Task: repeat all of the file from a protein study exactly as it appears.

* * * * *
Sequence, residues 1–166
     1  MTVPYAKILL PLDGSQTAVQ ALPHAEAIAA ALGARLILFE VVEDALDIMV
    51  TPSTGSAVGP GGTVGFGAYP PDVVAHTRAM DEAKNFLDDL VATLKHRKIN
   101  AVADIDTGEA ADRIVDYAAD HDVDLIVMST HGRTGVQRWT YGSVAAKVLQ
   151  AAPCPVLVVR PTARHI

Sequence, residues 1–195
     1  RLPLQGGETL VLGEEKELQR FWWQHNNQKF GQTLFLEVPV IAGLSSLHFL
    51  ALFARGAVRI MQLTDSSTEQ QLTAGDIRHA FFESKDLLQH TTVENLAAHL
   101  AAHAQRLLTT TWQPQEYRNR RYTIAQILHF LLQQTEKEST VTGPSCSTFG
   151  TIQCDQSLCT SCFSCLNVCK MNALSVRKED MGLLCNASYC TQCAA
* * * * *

Sequence, residues 1–166
     1  MTVPYAKILL PLDGSQTAVQ ALPHAEAIAA ALGARLILFE VVEDALDIMV
    51  TPSTGSAVGP GGTVGFGAYP PDVVAHTRAM DEAKNFLDDL VATLKHRKIN
   101  AVADIDTGEA ADRIVDYAAD HDVDLIVMST HGRTGVQRWT YGSVAAKVLQ
   151  AAPCPVLVVR PTARHI

Sequence, residues 1–195
     1  RLPLQGGETL VLGEEKELQR FWWQHNNQKF GQTLFLEVPV IAGLSSLHFL
    51  ALFARGAVRI MQLTDSSTEQ QLTAGDIRHA FFESKDLLQH TTVENLAAHL
   101  AAHAQRLLTT TWQPQEYRNR RYTIAQILHF LLQQTEKEST VTGPSCSTFG
   151  TIQCDQSLCT SCFSCLNVCK MNALSVRKED MGLLCNASYC TQCAA